In a 1963 presentation before the French Academy of Sciences, Lejeune showed that monosomy—the absence of a specific segment of the genome—could also result in a clinically recognizable disease.Several years later, a group of American scientists came to Paris to conduct an independent investigation of Lejeune’s discovery, and in 1962 the President of the United States personally presented him with the Kennedy Prize. In 1964, the first chair of human genetics was created at the Paris School of Medicine, and Lejeune was named to fill it. The appointment was highly unusual: Only a groundbreaking discovery allowed a candidate to be named a professor of medicine without successfully completing a competitive residency examination.

In 1969, Lejeune's work earned him the William Allan Award, granted by the American Society of Human Genetics, the world’s highest honor in genetics. As of 2013 he was the only Frenchman to have won it.[8]

Pro-life work[edit]

Although Lejeune’s discoveries paved the way for new therapeutic research into how changes in gene copy number could cause disease, they also led to the development of prenatal diagnosis of chromosome abnormalities and thence to abortions of affected pregnancies. This was very distressing to Lejeune, a staunch Catholic, and led him to begin his fight for the pro-life cause.

Lejeune opposed the authorization in 1967 for women to use contraception as well as the Peyret laws in 1970 to render legal the interruption of pregnancy in case of fetal abnormalities. He also opposed the Law of Veil authorizing voluntary interruption of pregnancy. ("Loi Veil" 1975) [9][10]

After receiving the Allan prize, Lejeune gave a talk to his colleagues which concluded by explicitly questioning the morality of abortion, an unpopular viewpoint in the profession. In a letter to his wife, Lejeune wrote "today, I lost my Nobel prize in Medicine".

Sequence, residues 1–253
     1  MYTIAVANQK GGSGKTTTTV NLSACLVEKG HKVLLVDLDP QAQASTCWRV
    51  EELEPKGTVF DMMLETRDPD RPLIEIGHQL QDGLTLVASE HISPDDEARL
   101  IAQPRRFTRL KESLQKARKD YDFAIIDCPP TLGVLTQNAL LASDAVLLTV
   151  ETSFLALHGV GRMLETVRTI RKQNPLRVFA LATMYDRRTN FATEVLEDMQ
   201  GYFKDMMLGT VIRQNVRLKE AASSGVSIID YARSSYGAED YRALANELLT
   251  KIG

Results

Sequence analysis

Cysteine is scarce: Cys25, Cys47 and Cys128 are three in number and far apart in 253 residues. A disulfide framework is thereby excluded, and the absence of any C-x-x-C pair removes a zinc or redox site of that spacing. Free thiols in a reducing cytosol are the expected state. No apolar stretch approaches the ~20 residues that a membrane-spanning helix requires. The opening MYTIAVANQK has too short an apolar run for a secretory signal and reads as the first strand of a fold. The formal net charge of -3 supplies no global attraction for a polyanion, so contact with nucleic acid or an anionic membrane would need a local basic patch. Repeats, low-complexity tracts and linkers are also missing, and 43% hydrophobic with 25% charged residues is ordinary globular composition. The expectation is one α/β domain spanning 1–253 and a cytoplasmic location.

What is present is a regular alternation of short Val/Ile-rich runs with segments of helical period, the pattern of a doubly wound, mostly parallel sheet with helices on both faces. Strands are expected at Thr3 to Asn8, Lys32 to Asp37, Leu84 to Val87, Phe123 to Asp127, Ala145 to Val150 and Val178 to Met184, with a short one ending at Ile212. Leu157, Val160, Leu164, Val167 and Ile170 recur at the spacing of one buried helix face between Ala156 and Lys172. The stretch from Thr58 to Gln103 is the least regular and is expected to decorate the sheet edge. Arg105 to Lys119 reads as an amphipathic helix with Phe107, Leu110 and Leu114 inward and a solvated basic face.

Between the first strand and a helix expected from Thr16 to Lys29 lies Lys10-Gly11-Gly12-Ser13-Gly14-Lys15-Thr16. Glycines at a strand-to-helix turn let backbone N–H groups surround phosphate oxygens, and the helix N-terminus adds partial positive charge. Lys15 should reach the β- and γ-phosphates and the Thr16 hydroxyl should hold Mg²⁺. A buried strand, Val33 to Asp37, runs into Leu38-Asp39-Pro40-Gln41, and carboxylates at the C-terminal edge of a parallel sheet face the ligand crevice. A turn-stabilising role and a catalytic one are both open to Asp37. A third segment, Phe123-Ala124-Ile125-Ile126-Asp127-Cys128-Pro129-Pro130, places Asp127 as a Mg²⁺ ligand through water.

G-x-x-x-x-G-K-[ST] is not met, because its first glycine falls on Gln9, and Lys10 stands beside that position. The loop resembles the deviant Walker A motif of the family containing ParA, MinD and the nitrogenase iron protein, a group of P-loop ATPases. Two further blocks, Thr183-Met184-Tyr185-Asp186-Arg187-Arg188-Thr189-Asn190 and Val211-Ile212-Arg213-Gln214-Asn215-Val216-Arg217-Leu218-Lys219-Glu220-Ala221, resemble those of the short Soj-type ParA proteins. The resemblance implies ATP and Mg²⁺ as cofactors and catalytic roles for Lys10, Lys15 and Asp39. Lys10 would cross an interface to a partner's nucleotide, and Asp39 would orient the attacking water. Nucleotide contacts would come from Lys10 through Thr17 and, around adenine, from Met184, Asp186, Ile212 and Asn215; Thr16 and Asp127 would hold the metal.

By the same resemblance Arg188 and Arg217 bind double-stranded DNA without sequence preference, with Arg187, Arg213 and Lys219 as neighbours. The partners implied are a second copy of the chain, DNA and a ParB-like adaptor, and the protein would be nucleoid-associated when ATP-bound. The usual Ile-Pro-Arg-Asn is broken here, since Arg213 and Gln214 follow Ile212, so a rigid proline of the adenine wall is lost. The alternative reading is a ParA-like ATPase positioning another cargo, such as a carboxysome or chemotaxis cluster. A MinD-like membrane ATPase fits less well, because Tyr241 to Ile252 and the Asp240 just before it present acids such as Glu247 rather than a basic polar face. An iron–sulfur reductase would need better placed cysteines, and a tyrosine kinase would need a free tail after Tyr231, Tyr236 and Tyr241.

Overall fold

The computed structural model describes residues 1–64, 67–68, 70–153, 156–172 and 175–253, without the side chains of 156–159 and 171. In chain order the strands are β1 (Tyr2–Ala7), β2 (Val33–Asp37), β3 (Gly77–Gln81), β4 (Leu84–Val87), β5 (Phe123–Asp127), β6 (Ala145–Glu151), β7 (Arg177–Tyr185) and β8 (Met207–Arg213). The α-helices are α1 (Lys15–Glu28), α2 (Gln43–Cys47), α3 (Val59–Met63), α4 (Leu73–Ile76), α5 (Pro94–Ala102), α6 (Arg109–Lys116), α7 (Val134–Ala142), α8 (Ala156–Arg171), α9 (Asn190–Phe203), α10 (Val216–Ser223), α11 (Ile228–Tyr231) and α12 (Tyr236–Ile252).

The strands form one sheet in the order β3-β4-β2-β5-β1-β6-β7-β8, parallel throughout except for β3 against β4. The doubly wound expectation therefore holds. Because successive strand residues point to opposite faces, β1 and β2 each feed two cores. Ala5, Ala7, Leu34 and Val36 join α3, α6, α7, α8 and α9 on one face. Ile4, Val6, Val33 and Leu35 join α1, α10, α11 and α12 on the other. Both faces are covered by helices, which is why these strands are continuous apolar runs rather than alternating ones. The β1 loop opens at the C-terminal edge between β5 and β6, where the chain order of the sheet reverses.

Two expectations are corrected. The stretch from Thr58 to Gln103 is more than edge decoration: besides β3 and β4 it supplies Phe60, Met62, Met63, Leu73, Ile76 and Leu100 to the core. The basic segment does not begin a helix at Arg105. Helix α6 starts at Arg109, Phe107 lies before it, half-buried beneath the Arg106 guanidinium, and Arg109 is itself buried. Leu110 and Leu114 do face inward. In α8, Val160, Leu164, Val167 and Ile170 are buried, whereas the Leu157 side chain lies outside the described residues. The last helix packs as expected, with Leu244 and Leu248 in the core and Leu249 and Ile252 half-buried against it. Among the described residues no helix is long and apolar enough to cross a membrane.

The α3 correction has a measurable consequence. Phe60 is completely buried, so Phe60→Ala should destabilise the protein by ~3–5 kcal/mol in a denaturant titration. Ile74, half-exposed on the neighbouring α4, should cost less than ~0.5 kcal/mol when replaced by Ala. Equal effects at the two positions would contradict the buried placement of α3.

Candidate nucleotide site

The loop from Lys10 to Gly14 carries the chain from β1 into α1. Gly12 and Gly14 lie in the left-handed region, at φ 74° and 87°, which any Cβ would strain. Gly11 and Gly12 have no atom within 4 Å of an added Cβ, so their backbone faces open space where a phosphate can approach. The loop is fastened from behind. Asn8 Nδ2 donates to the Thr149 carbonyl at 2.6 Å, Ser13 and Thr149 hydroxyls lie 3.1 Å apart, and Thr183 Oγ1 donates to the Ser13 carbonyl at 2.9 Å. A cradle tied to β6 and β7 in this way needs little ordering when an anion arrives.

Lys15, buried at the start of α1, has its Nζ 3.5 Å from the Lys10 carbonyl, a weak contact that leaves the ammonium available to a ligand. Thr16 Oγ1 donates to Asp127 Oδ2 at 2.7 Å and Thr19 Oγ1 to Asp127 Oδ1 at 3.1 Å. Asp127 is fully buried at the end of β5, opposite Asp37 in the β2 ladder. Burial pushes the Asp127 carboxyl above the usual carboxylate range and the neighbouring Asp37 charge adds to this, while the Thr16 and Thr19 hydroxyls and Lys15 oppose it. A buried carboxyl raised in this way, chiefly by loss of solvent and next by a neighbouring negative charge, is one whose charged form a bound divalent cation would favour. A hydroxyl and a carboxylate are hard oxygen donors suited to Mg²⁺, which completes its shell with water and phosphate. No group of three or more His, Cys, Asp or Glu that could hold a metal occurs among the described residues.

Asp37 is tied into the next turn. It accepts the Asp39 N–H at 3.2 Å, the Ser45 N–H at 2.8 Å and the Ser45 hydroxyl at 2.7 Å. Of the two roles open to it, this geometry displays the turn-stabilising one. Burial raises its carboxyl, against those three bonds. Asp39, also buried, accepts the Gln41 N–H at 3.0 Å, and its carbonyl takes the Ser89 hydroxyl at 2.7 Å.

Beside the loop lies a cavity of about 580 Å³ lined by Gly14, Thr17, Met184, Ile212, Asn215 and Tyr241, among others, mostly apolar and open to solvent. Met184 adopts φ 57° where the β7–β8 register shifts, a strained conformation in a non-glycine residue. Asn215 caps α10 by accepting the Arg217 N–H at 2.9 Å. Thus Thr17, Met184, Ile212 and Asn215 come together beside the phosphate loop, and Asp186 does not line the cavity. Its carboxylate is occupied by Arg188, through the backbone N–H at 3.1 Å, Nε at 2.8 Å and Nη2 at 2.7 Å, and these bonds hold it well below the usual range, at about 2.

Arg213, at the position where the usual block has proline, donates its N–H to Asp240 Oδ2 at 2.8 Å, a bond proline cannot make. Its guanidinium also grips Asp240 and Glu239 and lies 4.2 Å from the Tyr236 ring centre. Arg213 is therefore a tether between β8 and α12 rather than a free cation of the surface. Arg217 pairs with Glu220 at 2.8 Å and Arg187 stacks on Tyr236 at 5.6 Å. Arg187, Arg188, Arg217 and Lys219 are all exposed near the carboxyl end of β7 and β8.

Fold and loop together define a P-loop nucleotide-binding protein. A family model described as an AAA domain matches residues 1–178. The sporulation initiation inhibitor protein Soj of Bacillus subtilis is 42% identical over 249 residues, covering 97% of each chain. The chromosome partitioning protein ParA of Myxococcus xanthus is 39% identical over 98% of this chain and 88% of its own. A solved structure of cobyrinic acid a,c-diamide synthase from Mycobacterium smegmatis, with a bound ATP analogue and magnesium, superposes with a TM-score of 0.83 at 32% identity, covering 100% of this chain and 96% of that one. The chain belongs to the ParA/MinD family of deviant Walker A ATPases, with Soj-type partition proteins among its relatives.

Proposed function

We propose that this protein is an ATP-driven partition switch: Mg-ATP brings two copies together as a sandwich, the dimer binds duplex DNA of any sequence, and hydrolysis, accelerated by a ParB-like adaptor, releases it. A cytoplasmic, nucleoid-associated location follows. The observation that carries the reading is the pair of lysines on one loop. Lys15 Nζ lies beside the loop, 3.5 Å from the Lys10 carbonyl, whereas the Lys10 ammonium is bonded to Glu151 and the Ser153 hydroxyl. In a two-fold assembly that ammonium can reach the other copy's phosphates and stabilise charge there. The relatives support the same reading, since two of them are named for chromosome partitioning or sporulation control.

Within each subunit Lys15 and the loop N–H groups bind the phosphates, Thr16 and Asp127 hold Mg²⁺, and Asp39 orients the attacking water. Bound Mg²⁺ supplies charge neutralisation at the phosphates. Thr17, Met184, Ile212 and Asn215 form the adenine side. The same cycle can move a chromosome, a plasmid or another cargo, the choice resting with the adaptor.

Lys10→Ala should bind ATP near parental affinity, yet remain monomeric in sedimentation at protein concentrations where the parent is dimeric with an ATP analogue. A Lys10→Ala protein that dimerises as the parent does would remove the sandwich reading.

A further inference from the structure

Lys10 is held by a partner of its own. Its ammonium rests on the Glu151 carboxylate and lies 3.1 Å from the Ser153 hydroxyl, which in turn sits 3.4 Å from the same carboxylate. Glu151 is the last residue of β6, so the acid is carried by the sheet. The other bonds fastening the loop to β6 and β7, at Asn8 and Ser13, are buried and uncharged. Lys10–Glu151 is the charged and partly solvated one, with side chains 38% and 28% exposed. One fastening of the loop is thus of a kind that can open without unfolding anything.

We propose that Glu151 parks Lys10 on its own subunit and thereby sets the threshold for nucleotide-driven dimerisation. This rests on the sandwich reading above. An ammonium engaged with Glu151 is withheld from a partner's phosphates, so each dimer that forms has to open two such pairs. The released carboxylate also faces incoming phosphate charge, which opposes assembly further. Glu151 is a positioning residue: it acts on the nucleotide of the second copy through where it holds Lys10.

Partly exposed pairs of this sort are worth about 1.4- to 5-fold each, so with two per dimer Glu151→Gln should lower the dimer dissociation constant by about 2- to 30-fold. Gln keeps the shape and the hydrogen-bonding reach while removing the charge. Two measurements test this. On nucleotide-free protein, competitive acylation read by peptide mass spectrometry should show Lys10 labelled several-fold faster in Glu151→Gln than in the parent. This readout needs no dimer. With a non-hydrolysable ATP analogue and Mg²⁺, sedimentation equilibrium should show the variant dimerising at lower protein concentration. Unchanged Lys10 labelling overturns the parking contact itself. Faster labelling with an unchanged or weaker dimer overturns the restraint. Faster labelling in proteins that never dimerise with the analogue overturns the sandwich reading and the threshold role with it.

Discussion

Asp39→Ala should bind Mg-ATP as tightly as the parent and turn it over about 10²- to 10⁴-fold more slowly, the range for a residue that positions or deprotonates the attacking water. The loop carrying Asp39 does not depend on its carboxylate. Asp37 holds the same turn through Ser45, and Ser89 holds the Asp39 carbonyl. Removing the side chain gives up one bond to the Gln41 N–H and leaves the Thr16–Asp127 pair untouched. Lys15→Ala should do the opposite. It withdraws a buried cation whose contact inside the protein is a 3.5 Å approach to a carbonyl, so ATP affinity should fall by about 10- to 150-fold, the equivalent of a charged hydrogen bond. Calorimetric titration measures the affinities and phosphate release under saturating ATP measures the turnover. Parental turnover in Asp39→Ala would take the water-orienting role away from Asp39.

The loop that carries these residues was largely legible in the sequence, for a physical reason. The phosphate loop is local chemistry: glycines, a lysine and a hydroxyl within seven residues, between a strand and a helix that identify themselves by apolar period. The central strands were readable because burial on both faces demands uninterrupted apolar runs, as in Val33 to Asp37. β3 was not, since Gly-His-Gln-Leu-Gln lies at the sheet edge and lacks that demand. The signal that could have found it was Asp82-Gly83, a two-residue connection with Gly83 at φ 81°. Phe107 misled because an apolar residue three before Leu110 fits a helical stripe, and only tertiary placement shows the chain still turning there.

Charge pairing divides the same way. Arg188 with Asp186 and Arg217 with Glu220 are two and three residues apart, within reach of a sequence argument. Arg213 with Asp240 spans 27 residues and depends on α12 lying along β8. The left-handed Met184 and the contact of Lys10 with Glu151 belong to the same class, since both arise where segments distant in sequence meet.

In 1975, after one of his public appearances in Paris on the beginning of life, Lejeune met Dr. Wanda Poltawska, director of the Catholic Institute for the Family in Krakow. Later that year, Poltawska contacted Lejeune twice, asking him to speak at conferences on the beginning of life that she was organizing with one of her close friends, Monsignor Karol Wojtyla, then Cardinal-Archbishop of Krakow. On October 16, 1978, Wojtyla was elected Pope John Paul II.

Afterward, Lejeune regularly traveled to Rome to meet with the Pope, to attend meetings of the Pontifical Academy of Sciences, and to participate in other church events, such as the 1987 Synod of Bishops. The Pope wanted to name Lejeune as the president of a new pontifical academy that was dear to his heart: the Pontifical Academy for Life.[11] Lejeune painstakingly drafted its bylaws and the oath of the Servants of Life that each member of the Academy must take.

Lejeune was diagnosed with lung cancer in November, 1993. He served as President of the Academy for only a few weeks before his death in April 1994.

A few years later, during his visit to Paris for World Youth Day 1997, John Paul II visited Lejeune’s grave in Châlo-Saint-Mars. Lejeune has been named "Servant of God" by the Catholic Church, and his cause for sainthood is being postulated by the Abbey of Saint Wandrille in France.

Honors, awards and credentials[edit]

Jérôme Lejeune received many distinctions during his lifetime. He was a member of:

Dr. Lejeune held honorary doctorates from:

His international positions included:

Consulting expert on human genetics (1962)

  • International Commission on Radiological Protection

Committee member (1963)

French expert to the Scientific Committee on the Effects of Atomic Radiation

Bibliography[edit]

References[edit]

  1. ^ Hulten, Maj. "Obituary: Professor Jerome Lejeune". The Independent. Retrieved 5 March 2014. 
  2. ^ a b Lejeune, Jérôme; Gauthier Marie; Turpin R (1959). "Les chromosomes humains en culture de tissus". CR Hebd Se ́ ances Acad Sci (248): 602–603. 
  3. ^ "The history of cytogenetics" S. Gilgenkrantz, E.M. Rivera, March 2003 p.5
  4. ^ Gautier, Marie; Harper, P. S. (2009). "Fiftieth anniversary of trisomy 21: returning to a discovery". Human Genetics (126): 317–324. doi:10.1007/s00439-009-0690-1. 
  5. ^ "Trisomie : une pionnière intimidée". Le Monde, Feb.2004. Retrieved 16 May 2014. 
  6. ^ "Trisomie : une pionnière intimidée". Le Monde, Paris, Feb 2014. Retrieved 16 May 2014. 
  7. ^ "La vieille dame et les huissiers de la Fondation Lejeune". Le Monde, Paris, Feb. 2014. Retrieved 16 May 2014. 
  8. ^ "Past ASHG Award recipients". Retrieved 10 February 2014. 
  9. ^ "Chronologie - Contraception et IVG, 25 ans après la loi Veil - Dossiers - La Documentation française" (in French). Ladocumentationfrancaise.fr. Retrieved 2014-03-03. 
  10. ^ "doi:10.1016/S0003-3995(03)00012-1" (PDF). Retrieved 2014-03-03. 
  11. ^ "French Pro-Life Geneticist Jerome Lejeune to be Considered for Catholic Beatification". Cardinalrating.com. Retrieved 2014-03-03. 

External links[edit]